2. Practice Trail Etiquette: Most trail systems require mountain bikers to yield to all other trail users, and hikers to yield to equestrians. Downhill mountain bikers also typically yield to uphill riders. Follow local trail etiquette and be respectful to anyone you encounter on the trail. Also don't veer off trail for that scenic selfie, since you might unwittingly ruin vulnerable plants and animal habitats.
Rebecca's son hiking in Colorado
3. Keep Wildlife Wild: Protecting wildlife means letting them be wild. Keep your distance from animals for your safety and theirs. A good rule of thumb (literally) is if you’re holding your arm out and covering the animal with your thumb—you’re at a safe distance. It’s also important to safely store food so wildlife can’t get to it. And never feed wildlife—it leads to behavior changes like associating humans with food, difficulties sourcing their own food, and even euthanasia.
4. Leave What You Find: One of the tenets of Leave No Trace is to Leave What You Find and that includes not picking flowers, disturbing historic or archeological sites, carving tree trunks, and disturbing sticks and rocks (that means you, cairn lovers!). This lets others enjoy nature in its natural state, too. Take it one step further and clean your gear well after each adventure to help prevent the spread of invasive species like pine beetles, Zebra mussels, and creeping thistle.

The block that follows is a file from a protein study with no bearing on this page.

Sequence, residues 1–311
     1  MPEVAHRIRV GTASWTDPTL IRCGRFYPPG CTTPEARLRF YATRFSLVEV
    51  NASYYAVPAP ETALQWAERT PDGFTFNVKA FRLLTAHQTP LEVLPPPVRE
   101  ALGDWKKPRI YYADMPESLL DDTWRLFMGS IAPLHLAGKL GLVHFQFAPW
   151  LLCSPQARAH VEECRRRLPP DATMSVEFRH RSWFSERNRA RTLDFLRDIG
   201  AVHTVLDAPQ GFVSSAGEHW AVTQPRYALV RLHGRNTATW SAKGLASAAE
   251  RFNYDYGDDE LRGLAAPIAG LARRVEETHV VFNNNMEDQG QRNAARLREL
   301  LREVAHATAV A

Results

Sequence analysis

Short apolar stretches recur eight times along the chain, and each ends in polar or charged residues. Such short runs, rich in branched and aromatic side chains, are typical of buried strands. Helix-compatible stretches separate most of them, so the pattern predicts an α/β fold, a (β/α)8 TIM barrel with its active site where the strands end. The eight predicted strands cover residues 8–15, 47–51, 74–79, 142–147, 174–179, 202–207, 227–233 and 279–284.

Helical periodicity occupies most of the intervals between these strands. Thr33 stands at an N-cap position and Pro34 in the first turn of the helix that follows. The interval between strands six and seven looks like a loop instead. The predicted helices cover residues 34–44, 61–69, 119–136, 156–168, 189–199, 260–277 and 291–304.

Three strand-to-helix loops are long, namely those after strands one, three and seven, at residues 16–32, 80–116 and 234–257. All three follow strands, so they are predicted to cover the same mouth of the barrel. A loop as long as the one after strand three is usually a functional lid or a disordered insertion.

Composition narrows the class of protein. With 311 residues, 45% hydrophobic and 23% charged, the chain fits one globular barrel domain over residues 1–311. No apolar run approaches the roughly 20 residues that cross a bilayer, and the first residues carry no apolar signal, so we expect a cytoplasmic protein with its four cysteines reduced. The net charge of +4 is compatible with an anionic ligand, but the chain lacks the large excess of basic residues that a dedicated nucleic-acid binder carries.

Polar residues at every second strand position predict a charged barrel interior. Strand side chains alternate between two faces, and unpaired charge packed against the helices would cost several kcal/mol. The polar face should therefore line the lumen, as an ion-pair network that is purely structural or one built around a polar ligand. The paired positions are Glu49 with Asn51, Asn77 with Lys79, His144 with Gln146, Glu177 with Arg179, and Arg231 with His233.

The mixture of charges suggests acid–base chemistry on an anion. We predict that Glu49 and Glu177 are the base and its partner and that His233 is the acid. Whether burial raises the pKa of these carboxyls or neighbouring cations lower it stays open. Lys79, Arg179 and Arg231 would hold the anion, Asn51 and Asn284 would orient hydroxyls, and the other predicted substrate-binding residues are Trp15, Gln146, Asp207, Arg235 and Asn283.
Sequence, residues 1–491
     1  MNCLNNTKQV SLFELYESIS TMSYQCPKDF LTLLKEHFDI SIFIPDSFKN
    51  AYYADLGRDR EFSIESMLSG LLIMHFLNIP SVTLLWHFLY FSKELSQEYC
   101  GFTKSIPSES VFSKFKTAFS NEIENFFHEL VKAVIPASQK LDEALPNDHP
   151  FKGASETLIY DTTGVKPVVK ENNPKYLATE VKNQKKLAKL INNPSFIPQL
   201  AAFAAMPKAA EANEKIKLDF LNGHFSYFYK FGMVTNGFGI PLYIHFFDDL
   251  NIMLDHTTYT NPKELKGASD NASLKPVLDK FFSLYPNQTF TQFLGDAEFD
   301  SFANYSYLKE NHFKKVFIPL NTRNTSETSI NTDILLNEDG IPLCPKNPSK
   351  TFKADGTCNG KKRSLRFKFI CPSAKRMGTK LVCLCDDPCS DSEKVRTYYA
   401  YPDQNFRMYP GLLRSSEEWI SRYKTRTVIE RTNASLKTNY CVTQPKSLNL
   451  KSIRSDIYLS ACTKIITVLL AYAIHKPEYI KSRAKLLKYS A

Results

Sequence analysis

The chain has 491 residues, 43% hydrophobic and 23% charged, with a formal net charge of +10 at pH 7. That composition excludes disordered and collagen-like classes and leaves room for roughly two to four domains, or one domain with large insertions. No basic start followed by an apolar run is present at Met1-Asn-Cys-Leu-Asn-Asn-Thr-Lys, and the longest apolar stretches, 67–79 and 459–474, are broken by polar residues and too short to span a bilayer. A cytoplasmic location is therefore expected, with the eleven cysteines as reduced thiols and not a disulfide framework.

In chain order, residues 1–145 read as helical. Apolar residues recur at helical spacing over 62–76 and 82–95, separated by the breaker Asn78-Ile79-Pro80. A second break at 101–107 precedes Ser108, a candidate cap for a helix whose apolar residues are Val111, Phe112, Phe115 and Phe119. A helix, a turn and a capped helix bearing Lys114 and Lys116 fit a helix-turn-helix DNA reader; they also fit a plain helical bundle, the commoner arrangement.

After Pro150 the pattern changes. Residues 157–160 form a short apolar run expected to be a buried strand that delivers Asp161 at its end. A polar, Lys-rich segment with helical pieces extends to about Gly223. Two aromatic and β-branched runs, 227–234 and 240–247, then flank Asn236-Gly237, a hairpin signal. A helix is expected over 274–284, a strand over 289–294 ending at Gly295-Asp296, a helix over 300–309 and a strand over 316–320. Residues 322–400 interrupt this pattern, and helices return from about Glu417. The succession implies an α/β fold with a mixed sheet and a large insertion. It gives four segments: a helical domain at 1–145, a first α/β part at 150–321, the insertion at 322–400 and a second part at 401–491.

Crowds in the Narrows at Zion National Park
5. Be Careful With Fire: 87% of forest fires are caused by humans—meaning they’re preventable. Education is the answer, including learning where to put your campfire, abiding local fire restrictions, building and burning safely, and extinguishing properly. While Smokey Bear offers plenty of tips, Care for Colorado adds that no matter what you’re smoking, don’t toss your butts—it’s a common cause of wildfires.
6. Think Twice Before You Tag: Whether or not to tag your location in a social post is a somewhat controversial issue. But if you notice that the place you visited is suffering from the effects of over-tourism, consider foregoing the tag, and/or offering your observations and tips in the caption to encourage others to travel and post responsibly.
7. Be Respectful to Locals: A little kindness goes a long way. Go out of your way to be nice to any locals you encounter—whether that's a fellow hiker, a shop owner, or your server—to bring positive energy to the places you visit. You might just get some insider tips in response!
Rebecca Treon is a Denver-based freelance food and travel writer whose work has been featured in Travel + Leisure, Hemispheres, BBC Travel, Thrillist, and others. Find her on Instagram @RebeccaTreon.